60. Kellems, R.O.; Yakubova, G.; Morris, J.R.; Wheatley, A.; Chen, B.B. Using augmented and virtual reality to improve social, vocational, and academic outcomes of students with autism and other developmental disabilities. In Research Anthology on Inclusive Practices for Educators and Administrators in Special Education; IGI Global: Hershey, PA, USA, 2022; pp. 737–756. [Google Scholar] [CrossRef]
  61. Bailey, B.; Bryant, L.; Hemsley, B. Virtual reality and augmented reality for children, adolescents, and adults with communication disability and neurodevelopmental disorders: A systematic review. Rev. J. Autism. Dev. Disord. 2021, 9, 160–183. [Google Scholar] [CrossRef]
  62. de Oliveira Malaquias, F.F.; Malaquias, R.F. The role of virtual reality in the learning process of individuals with intellectual disabilities. Technol. Disabil. 2016, 28, 133–138. [Google Scholar] [CrossRef]
  63. Weiss, P.L.; Bialik, P.; Kizony, R. Virtual Reality Provides Leisure Time Opportunities for Young Adults with Physical and Intellectual Disabilities. Cyber Psychol. Behav. 2004, 6, 335–342. [Google Scholar] [CrossRef][Green Version]
  64. Nosek, M.A.; Robinson-Whelen, S.; Hughes, R.B.; Nosek, T.M. An Internet-based virtual reality intervention for enhancing self-esteem in women with disabilities: Results of a feasibility study. Rehabil. Psychol. 2016, 61, 358–370. [Google Scholar] [CrossRef] [PubMed]
  65. Kärnä, E.; Dindar, K.; Hu, X. Educators’ engagement with children with autism spectrum disorder in a learning environment with multiple technologies in Finland and China. Interact. Learn. Environ. 2018, 28, 50–64. [Google Scholar] [CrossRef]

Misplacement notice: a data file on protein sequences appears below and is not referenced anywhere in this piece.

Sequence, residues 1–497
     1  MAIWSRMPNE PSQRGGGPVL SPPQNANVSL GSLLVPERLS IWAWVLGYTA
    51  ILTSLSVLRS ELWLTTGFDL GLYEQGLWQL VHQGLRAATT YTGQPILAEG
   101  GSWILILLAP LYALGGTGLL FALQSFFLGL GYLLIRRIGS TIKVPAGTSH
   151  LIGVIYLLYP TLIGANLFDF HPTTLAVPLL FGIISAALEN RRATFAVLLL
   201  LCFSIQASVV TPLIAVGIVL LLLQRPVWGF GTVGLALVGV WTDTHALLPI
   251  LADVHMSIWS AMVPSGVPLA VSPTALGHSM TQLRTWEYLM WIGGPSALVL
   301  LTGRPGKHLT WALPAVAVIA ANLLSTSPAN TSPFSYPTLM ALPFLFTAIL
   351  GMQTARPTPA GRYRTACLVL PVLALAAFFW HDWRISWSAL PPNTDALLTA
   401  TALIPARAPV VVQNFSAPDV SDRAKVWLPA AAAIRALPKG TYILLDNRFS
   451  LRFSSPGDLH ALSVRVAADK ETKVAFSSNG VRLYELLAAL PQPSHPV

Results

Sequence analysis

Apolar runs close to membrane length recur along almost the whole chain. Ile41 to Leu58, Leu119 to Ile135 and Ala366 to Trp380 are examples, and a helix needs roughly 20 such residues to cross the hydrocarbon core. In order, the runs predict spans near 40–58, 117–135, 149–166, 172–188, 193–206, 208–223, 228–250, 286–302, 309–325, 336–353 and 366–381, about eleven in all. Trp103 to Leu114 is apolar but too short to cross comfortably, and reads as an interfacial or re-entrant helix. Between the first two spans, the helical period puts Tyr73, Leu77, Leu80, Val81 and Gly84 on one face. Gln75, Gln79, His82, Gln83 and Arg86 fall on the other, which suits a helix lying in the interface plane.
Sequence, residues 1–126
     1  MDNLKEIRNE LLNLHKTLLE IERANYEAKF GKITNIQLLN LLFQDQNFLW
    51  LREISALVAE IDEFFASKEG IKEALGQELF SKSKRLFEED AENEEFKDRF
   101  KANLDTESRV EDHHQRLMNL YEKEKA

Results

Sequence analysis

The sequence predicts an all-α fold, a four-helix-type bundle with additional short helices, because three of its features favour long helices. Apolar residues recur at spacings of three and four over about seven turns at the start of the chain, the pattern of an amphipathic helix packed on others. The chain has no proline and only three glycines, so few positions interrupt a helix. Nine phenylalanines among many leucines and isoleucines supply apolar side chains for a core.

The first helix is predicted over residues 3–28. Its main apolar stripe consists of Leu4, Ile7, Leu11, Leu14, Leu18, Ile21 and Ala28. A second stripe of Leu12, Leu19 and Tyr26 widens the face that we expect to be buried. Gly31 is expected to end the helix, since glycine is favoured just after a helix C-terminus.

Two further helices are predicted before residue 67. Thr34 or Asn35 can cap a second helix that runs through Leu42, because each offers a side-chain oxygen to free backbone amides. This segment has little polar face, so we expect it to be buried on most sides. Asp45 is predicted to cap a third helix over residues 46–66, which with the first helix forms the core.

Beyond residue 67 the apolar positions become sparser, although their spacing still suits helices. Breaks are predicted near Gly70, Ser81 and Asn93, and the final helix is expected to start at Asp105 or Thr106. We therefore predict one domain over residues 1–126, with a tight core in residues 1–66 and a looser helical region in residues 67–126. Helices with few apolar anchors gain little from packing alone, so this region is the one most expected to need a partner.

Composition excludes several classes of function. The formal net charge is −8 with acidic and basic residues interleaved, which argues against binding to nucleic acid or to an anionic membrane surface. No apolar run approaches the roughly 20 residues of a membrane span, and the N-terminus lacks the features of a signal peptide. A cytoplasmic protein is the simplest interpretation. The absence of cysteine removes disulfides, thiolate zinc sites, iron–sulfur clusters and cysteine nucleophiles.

66. Akçayır, M.; Akçayır, G. Advantages and challenges associated with augmented reality for education: A systematic review of the literature. Educ. Res. Rev. 2017, 20, 1–11. [Google Scholar] [CrossRef]
  67. Zhang, M.; Zhang, Z.; Chang, Y.; Aziz, E.S.; Esche, S.; Chassapis, C. Recent Developments in Game-Based Virtual Reality Educational Laboratories Using the Microsoft Kinect. iJET 2018, 13, 138–159. [Google Scholar] [CrossRef][Green Version]
  68. Rau, P.L.P.; Zheng, J.; Guo, Z.; Li, J. Speed reading on virtual reality and augmented reality. Comput. Educ. 2018, 125, 240–245. [Google Scholar] [CrossRef]
  69. Walker, Z.; McMahon, D.D.; Rosenblatt, K.; Arner, T. Beyond Pokémon: Augmented Reality Is a Universal Design for Learning Tool. SAGE Open 2017, 7. [Google Scholar] [CrossRef][Green Version]
  70. Ministerul Educației și Cercetării. Învățământ Special. Available online: (accessed on 31 October 2020).
  71. Ministerul Educației. Proiect Legea învățământului Preuniversitar. România Educată. 2022. Available online: (accessed on 3 September 2022).